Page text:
Do not hand me your box decorated in condescending compliments and tell me I’ll like living there. Those words are not compliments. They strip away the truth and reality of our experience and repaint it with a brush that with every stroke says, “We’re so generous for allowing you to be here. You should be grateful because this never should have been yours. Our America is not your America. You cannot make mistakes. You cannot relax. Work harder. Behave. Be respectful. Get in your box.”

10 comments:

  1. I'm so very sorry, thank you for sharing your story! I grew up the adult child in my family, for different reasons, but I do understand what that feels like. I also remember my Granddad talking about not being able to understand his German grandfather, our first family member here in America. I always wished that he'd learned that language and passed it down through our family. Something was definitely lost. Sadly, I'm afraid it's often not the accent that people reject, but the color. I've never seen such blatant racism as we're experiencing right now. Sending hugs and prayers!

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  2. Wow, very powerful. And here in latin america (or at least the people I know) usually critizice those who have forgotten Spanish, because we (I include myself because this was an eye opener for me) don't understand. I have heard things like: "that person is not latin, he's a gringo, he only speaks English". And that's that. Thank so much for educating me, I'll make sure to do the same whenever I hear something along those línea again. It needs to be said.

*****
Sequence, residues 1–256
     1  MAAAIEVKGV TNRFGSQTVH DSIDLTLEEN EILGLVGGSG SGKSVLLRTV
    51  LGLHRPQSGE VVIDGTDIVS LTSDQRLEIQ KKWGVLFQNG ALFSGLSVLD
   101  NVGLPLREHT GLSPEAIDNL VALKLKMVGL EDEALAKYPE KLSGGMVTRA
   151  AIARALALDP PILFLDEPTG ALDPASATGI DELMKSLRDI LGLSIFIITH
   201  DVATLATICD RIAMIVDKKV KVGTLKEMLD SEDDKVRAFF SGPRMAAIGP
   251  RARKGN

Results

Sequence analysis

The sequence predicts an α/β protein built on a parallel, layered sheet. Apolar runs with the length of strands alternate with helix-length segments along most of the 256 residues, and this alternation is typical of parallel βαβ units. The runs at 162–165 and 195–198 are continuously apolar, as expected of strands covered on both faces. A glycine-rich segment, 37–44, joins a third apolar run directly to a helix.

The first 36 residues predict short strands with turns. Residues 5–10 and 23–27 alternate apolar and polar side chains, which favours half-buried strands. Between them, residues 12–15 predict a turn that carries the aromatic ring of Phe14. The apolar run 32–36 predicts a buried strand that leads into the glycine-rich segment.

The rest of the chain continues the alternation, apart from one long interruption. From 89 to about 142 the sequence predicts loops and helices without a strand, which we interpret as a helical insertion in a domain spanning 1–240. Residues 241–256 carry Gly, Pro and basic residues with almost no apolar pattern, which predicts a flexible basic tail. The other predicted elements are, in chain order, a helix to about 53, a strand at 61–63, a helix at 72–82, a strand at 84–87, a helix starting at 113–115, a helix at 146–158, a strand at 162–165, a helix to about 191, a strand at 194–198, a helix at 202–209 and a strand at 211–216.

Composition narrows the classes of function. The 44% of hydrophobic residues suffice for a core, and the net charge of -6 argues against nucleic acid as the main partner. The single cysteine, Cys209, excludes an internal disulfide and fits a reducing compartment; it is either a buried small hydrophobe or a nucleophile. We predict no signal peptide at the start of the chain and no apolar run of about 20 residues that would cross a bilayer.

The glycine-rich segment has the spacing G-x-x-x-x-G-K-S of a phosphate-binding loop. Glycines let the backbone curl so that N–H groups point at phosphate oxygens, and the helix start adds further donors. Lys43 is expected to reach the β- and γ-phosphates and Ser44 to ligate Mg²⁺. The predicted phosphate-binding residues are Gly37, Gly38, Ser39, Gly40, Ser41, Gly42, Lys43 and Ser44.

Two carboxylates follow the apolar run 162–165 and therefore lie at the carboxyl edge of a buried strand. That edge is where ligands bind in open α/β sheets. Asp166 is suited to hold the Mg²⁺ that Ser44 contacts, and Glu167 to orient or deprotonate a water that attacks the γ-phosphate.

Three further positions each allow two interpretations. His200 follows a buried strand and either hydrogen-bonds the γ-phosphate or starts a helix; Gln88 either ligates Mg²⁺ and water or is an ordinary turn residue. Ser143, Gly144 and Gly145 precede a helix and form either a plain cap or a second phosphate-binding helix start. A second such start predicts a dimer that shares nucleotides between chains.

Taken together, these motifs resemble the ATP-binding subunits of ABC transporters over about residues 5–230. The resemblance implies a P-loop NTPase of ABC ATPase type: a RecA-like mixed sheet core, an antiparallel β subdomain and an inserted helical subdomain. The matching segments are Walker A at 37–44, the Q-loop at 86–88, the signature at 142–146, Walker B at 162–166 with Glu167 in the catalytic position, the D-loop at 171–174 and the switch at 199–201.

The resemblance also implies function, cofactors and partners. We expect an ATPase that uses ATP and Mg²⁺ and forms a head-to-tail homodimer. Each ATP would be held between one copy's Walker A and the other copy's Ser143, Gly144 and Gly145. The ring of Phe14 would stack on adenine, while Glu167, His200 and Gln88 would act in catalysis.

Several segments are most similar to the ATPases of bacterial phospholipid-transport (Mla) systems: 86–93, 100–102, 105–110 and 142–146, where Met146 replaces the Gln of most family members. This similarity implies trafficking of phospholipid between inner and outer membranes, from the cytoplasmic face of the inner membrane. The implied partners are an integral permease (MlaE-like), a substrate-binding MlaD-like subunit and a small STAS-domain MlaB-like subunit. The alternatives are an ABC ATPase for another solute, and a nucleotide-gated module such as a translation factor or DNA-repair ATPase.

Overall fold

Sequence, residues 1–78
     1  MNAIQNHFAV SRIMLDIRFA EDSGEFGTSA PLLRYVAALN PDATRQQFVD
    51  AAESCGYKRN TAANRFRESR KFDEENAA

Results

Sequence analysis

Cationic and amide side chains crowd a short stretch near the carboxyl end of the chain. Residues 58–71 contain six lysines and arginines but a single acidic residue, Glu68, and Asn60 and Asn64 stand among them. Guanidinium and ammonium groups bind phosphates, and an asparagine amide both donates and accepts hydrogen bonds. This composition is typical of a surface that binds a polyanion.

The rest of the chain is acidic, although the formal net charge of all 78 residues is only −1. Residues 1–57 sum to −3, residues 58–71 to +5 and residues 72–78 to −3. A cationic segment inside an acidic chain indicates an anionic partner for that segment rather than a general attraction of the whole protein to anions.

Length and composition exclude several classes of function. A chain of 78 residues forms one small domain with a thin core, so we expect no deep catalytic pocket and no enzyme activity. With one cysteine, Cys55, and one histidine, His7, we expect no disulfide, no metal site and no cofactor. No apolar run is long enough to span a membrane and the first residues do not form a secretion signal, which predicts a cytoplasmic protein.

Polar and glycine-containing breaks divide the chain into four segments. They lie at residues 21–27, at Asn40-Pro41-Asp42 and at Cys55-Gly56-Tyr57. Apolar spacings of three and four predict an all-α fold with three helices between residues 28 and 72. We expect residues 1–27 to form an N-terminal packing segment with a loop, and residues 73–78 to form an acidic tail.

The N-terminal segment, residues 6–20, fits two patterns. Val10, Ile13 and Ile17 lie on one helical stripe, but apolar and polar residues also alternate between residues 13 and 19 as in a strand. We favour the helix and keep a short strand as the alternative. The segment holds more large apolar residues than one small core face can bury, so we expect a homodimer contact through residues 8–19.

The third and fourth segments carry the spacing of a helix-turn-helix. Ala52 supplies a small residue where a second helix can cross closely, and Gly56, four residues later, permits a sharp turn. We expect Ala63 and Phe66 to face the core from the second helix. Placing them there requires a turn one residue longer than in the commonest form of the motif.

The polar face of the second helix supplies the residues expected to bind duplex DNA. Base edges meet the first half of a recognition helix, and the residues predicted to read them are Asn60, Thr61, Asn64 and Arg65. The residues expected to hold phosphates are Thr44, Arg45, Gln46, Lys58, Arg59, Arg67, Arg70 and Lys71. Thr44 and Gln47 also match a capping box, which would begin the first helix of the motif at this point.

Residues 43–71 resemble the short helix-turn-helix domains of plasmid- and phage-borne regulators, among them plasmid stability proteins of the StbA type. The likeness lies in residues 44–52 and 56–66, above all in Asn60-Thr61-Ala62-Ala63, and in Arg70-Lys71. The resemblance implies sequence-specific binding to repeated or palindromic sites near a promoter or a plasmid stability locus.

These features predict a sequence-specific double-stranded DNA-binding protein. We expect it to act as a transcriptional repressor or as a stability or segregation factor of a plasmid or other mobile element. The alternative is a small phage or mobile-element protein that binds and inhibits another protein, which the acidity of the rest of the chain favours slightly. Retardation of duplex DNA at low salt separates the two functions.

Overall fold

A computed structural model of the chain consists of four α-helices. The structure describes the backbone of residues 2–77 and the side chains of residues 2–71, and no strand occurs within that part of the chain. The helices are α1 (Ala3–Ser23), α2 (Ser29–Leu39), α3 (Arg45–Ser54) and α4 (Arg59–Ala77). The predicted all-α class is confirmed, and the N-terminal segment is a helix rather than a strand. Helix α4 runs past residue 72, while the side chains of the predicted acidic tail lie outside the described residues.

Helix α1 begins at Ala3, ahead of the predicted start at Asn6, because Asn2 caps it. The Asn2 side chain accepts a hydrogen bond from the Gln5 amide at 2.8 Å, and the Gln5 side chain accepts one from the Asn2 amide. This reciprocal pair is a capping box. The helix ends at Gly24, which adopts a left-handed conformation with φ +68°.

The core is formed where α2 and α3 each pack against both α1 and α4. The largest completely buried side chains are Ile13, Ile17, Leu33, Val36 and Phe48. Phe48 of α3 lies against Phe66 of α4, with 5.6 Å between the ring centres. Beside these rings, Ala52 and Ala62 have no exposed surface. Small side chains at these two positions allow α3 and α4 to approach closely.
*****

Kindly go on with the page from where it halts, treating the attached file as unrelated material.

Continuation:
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    1. I think it's less that we forget and more that it's stolen from us. And thank you.

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  3. It is stolen, yes.

    My children didn't have to face the same level of hardship as you did, because I was a fairly fluent English speaker (though the accent thing--almost twenty years later, is still an issue for some people, may the gods have mercy on them).

    Still, both my children faced the issues at school that you point out. Parents try to stand between their children and hardship, but we often cannot, and it's the children who have to live with the consequences.

    Thank you for speaking up.

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  4. Thank you for this essay--it brought tears to my eyes. As a child of Japanese-American, whose first language was not English, I experienced, and still experience much of what you have articulated so perfectly.

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  5. I used to work in pediatrics and I've worked with children, who like you, were forced into adulthood too soon. We had a doctor who Spanish fluently and most requested him, but more often than not, until the doctor came in,t the child was the one who spoke.

    I'm sorry for the burden you were forced to bear. I'm sorry for the burdens so many continue to bear.